The U.S. Clean Air Act is 40! Happy Birthday!
Photo: Flickr, CC
Time Flies When You're Cleaning the Air
The Clean Air Act was signed by President Richard Nixon on December 31, 1970, and so it is 40 this year. To celebrate, the U.S. Environmental Protection Agency (EPA) is looking back at the past few decades to see how things have changed and what kind of impact this important piece of legislation had on air quality in the U.S. (and around the world, since there's only one atmosphere, and many other countries follow U.S. regulations pretty closely). Read on for more details.
Photo: Flickr, CC
According to an EPA analysis, the first 20 years of Clean Air Act programs, from 1970 - 1990, has prevented:
-205,000 premature deaths
-672,000 cases of chronic bronchitis
-21,000 cases of heart disease
-843,000 asthma attacks
-189,000 cardiovascular hospitalizations
-10.4 million lost I.Q. points in children - from lead reductions
-18 million child respiratory illnesses
Of course, these numbers are estimates. Nobody knows exactly the impact of such a far-reaching legislation, and it's always especially hard to find out about things that didn't happen rather than things that did. But there's no doubt that the impact was immense and positive.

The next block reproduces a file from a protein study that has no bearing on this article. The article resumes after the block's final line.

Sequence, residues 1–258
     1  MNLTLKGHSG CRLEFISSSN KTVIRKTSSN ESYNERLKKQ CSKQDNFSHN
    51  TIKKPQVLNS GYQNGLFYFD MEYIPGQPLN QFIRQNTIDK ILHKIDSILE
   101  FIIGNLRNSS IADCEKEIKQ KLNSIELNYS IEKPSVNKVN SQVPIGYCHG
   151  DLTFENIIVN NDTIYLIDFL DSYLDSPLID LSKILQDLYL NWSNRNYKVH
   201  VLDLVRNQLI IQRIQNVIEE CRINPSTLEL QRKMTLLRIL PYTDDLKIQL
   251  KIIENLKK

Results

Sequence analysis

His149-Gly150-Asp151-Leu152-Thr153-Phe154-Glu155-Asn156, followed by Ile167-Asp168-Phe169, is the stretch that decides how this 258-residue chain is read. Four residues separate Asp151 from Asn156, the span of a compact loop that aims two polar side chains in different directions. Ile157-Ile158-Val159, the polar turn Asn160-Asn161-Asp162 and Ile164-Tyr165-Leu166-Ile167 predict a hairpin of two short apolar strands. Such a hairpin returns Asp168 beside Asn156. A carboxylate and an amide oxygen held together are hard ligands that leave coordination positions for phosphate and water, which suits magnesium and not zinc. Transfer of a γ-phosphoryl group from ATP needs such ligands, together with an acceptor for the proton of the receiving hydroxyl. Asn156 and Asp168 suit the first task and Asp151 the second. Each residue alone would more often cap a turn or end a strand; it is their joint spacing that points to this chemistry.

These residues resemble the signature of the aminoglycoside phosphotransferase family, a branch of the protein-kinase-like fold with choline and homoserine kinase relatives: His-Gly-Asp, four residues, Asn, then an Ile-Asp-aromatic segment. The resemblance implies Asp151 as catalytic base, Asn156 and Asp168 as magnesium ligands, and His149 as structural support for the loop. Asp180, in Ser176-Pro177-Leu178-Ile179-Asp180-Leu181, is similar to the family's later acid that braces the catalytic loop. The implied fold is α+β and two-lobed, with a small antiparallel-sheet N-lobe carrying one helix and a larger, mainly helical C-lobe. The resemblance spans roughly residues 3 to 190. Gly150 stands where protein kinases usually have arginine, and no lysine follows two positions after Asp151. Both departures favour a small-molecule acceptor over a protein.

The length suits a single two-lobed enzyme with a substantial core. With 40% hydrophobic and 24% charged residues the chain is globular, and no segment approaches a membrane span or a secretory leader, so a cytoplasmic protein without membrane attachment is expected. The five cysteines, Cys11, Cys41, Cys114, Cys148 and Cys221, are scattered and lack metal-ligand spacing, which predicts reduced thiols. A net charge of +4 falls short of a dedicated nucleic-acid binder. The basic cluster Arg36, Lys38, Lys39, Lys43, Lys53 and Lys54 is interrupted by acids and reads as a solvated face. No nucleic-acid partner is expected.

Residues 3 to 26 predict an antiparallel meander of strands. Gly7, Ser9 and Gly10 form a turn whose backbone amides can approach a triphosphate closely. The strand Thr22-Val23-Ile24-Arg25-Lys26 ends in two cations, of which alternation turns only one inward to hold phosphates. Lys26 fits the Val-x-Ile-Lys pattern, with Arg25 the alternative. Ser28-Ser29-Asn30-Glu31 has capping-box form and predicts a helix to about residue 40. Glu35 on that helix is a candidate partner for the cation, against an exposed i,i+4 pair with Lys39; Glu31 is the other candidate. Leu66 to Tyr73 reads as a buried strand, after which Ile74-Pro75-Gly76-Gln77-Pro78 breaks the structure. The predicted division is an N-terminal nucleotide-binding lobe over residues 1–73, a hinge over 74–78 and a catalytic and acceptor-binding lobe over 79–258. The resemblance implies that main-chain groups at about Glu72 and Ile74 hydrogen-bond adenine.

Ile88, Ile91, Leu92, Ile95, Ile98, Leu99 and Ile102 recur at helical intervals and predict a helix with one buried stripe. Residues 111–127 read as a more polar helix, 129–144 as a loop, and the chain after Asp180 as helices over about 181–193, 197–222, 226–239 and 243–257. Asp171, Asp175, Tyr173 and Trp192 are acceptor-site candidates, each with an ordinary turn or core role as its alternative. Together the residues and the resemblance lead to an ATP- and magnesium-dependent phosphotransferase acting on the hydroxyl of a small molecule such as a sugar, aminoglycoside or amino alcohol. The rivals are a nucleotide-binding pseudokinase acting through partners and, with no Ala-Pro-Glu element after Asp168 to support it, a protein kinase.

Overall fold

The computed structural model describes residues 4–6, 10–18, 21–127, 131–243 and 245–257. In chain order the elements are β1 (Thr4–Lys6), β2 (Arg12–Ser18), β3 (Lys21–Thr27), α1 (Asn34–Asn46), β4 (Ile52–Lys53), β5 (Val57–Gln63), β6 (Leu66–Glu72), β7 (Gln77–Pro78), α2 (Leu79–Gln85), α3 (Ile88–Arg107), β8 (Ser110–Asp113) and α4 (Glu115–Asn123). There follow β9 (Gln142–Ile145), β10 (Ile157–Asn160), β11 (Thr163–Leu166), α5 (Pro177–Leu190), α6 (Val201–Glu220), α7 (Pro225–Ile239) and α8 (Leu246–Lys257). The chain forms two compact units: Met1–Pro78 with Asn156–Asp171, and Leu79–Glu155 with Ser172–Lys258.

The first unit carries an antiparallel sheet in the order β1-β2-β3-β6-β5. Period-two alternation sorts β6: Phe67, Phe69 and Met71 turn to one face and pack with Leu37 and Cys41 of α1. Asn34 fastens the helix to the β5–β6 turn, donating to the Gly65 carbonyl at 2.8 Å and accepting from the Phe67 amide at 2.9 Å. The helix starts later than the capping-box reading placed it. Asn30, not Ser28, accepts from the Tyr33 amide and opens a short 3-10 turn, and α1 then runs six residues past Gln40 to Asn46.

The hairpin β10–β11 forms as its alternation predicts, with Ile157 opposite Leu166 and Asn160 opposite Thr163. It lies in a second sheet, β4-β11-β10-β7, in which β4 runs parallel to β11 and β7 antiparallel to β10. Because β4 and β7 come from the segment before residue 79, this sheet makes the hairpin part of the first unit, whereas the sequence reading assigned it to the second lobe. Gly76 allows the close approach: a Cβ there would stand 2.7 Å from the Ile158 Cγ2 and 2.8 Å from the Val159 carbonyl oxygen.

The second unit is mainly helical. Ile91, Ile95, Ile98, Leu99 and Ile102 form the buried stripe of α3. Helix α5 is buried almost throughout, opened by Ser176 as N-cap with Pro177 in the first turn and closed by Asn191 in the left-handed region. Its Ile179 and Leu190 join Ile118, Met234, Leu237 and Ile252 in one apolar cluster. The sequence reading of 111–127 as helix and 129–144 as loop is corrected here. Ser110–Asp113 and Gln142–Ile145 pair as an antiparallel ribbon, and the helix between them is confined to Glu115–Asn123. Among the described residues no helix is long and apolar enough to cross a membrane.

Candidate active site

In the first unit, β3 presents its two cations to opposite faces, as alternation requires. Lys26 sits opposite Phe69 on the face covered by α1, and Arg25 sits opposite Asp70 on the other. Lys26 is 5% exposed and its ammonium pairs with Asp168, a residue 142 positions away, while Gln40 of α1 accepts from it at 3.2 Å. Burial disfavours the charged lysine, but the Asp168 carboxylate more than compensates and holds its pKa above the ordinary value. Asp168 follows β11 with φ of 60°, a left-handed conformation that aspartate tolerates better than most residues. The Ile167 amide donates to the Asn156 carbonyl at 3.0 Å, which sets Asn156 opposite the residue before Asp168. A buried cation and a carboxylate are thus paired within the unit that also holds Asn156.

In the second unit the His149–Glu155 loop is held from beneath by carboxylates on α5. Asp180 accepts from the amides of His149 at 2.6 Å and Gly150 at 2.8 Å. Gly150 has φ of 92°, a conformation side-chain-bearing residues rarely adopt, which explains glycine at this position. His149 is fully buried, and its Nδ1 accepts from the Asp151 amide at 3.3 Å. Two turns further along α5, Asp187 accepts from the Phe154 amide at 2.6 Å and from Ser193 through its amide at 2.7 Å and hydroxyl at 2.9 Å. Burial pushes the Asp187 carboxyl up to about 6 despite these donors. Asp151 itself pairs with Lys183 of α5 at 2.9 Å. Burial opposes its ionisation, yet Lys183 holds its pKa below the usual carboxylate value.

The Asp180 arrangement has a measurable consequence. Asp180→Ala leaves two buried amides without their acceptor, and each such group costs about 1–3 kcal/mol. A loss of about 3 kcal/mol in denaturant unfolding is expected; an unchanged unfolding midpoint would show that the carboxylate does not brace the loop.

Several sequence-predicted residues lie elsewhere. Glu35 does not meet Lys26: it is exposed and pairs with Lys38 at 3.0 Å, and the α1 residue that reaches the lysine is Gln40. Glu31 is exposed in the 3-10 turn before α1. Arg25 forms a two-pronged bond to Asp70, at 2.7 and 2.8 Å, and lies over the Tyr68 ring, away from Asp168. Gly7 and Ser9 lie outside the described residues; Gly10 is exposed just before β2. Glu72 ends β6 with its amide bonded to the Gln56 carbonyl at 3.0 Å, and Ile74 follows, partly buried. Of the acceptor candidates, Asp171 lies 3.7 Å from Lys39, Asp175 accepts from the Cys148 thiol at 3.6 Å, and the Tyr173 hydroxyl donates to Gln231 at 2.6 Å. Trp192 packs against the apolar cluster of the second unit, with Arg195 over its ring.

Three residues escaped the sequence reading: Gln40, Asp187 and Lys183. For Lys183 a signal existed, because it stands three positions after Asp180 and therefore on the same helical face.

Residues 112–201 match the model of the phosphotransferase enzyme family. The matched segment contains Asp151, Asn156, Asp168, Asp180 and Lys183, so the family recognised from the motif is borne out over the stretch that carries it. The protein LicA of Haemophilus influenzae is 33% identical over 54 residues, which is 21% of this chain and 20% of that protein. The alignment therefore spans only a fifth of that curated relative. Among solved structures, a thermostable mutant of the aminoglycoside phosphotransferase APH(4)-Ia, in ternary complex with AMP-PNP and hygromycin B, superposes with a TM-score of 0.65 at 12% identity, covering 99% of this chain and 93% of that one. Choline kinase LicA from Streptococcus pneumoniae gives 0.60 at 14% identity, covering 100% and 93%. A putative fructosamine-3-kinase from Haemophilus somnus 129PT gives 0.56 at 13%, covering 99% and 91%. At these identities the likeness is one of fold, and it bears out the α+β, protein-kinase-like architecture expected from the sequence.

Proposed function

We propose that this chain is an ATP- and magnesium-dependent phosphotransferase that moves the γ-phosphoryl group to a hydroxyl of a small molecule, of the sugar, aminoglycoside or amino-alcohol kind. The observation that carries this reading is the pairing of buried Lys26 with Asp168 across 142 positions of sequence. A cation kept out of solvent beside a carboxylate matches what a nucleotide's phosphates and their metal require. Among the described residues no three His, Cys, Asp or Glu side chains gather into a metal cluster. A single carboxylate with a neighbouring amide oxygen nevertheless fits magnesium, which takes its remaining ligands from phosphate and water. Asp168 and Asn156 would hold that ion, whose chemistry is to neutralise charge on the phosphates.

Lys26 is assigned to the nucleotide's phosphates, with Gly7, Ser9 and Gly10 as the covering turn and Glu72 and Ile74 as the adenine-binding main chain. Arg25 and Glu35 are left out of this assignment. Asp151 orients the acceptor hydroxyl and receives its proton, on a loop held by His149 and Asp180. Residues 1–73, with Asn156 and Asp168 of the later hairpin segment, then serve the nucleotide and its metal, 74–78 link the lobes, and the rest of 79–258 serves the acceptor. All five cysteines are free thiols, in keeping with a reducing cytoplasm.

Many of the benefits of the Clean Air Act might have appeared without it, just from normal technological improvement and market pressure. But clean air is one of these things that markets have a hard time pricing in, so it's fair to say that air quality would probably be significantly worse without it.
There's also the 20th anniversary of the 1990 amendments:
In 1990, the Act was revised with overwhelming bipartisan support and signed into law by President Bush. From 1990 thru 2008, emissions of six common pollutants are down 41%, while gross domestic product has grown 64%. Emissions of volatile organic compounds have dropped 31%, carbon monoxide dropped 46% and sulfur dioxide dropped 51%.
Today's new cars, light trucks, and heavy-duty diesel engines are up to 95 percent cleaner than past models, and new non-road engines such as those used in construction and agriculture have 90 percent less particulate matter and nitrogen oxide emissions.
But let's not stop there! Our cars might be cleaner, but there's also a lot more of them, and "cleaner" isn't "clean". No time to rest on our laurels!
Via EPA, ABG
More on Air Pollution
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Could we Clean Up Air Pollution from Cargo Ships with... H2O?!
The Port of NY/NJ Will Replace Dirty Old Diesel Trucks to Slash Air Pollution